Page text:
Last week I asked: Where can you “Walk in the footsteps of the Elders?”
The Lac du Flambeau Reservation, Wisconsin.
The Lac du Flambeau Band of Lake Superior Chippewa has inhabited Lac du Flambeau since 1745.
The word Chippewa and Ojibway are one and the same.
The Band was given the name “Lac du Flambeau” (Lake of the Torches) by the French traders and trappers who visited the area and saw them harvesting fish at night by torchlight.
The reservation is checker-boarded with parts in three counties.
On a recent trip to Wisconsin I took the self-guided “Walk in the Footsteps of the Elders” tour.
They have a guided tour, too.
My first stop was at their tribal fish hatchery.
Fishing is and has been an integral part of their culture.
Working with the state of Wisconsin, the Lac du Flambeau Chippewa study the fish population and restock reservation waters.
The Lac du Flambeau Reservation has 260 lakes, 65 miles of streams, lakes and rivers, and 24,000 acres of wetlands including a 10-lake chain.
The world’s largest sturgeon to be speared was hauled in on the shores of Lac du Flambeau’s Pokegama Lake.
It measured a whopping 7 feet and 1 inch, weighed 195 pounds and was 40 inches around.
This world record fish is located in the George W. Brown Jr. Ojibwe Museum & Cultural Center.
My next stop was the George W. Brown Jr. Ojibwe Museum & Cultural Center to see the giant fish and to learn more about the Ojibwe.
They are Eastern Woodland Indians similar to the Iroquois of New York State.
In fact, many have Oneida ancestry.
The museum shows how they lived during the four seasons.
I like the one that showed them ice fishing.
The beautiful “Jingle Dress” was decorated with small pieces of metal.
I would love to see and hear a dance with someone wearing the dress.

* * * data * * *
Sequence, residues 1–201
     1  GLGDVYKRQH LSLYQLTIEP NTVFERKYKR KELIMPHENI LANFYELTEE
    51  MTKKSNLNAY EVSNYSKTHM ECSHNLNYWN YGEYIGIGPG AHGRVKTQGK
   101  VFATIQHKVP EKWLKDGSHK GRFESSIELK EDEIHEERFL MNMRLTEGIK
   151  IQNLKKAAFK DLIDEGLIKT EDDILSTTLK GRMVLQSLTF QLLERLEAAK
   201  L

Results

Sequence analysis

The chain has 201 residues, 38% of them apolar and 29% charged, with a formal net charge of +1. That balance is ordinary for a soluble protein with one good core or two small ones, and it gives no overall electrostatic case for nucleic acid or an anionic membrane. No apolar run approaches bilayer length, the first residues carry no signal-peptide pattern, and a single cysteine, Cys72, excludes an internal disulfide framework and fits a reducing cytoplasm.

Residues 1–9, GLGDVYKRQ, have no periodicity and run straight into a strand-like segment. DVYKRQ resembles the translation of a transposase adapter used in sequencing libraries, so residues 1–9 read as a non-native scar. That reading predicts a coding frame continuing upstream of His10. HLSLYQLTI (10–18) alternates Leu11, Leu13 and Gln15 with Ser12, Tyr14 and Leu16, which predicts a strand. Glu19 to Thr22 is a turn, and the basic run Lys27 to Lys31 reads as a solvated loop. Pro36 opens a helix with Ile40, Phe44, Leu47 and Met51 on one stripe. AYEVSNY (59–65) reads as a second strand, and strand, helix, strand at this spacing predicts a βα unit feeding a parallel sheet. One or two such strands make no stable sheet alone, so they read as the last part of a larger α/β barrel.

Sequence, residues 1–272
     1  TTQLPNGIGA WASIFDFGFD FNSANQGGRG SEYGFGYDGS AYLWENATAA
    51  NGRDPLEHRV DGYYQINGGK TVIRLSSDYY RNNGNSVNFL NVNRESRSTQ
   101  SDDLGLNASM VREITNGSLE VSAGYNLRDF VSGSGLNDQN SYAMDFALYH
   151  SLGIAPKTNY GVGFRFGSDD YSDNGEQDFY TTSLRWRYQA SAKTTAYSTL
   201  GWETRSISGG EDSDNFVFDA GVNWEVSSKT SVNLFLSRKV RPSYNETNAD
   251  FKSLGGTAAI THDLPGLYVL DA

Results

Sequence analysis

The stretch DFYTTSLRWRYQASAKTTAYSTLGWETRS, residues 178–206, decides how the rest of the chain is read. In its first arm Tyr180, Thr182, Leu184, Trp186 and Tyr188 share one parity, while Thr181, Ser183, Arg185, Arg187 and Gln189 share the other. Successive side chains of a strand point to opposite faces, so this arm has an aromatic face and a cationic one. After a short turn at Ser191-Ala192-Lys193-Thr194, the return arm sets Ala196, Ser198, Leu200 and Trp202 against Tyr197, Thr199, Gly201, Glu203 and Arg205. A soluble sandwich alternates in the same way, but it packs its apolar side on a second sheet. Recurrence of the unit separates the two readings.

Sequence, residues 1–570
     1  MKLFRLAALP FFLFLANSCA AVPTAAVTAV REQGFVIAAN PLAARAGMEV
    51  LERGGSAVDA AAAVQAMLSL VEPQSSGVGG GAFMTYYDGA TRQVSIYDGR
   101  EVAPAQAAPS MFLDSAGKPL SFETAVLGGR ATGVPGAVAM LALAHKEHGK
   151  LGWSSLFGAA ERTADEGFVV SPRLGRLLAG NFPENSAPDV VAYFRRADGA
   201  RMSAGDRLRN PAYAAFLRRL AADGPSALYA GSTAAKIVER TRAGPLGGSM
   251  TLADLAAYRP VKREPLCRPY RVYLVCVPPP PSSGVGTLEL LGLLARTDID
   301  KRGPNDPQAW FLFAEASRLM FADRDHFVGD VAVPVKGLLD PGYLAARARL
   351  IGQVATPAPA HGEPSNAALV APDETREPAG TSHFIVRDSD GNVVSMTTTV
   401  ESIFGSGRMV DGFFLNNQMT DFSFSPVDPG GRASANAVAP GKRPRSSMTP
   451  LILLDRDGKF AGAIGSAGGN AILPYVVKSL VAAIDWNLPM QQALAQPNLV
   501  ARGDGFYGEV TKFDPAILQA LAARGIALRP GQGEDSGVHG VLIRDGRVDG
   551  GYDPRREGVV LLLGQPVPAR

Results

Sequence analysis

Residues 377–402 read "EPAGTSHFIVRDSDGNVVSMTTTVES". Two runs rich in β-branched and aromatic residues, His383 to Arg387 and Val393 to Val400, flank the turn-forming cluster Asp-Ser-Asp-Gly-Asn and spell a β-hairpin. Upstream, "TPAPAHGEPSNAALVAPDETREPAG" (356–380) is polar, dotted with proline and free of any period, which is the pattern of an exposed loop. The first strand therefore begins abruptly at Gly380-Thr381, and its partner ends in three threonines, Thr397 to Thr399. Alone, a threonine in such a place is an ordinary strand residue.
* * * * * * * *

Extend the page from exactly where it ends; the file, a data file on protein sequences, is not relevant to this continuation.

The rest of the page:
There are also displays of a French fur trading post, Ojibwe arts and crafts, and more.
There is a birch bark canoe and a 24-foot dugout canoe recently recovered from the waters.
I think that a canoe that large would have been a war canoe.
We should all live by the Ojibwe Seven Teachings – Honesty, Humility, Truth, Wisdom, Love, Respect and Bravery.
I have read about and seen pictures dealing with the schools the US government built to house Native American children.
But The Mikwendaagoziwag (“They will be remembered”) Heritage Center, once the boys’ dormitory for the BIA/Government-run boarding school, is the first one I have visited.
The girls’ dormitory was located next door but has been torn down.
It is where children were taken from their families without permission and then immersed in European-American culture thus losing their culture.
They were all taught English and while the boys were taught a trade the girls were taught housekeeping skills.
While I think the intentions were good, the biggest problem is that after the schooling was completed the students had a foot in two worlds – the Native American and American-European world but didn’t really belong to either.
The Indian Bowl is where pow wows have been held for more than 60 years; it is now undergoing an upgrade and expansion.
I would love to attend an event there.
Often there are reports about violations of personal liberties and the like that are taking place in foreign countries.
We often choose to ignore the awful treatment the Native Americans suffered under the hands of the European-Americas.
Travel Trivia Tease™: Where can you attend a tea academy?
Look for the answer next week.
Sandra and her husband, John, have been exploring the world for decades, always on the lookout for something new and unique to experience. We have sailed down the Nile for a week on a felucca, stayed with the Pesch Indians in La Mosquitia, visited schools in a variety of countries, and — to add balance to our life — stayed at some of the most luxurious hotels in the world. Let the fun continue!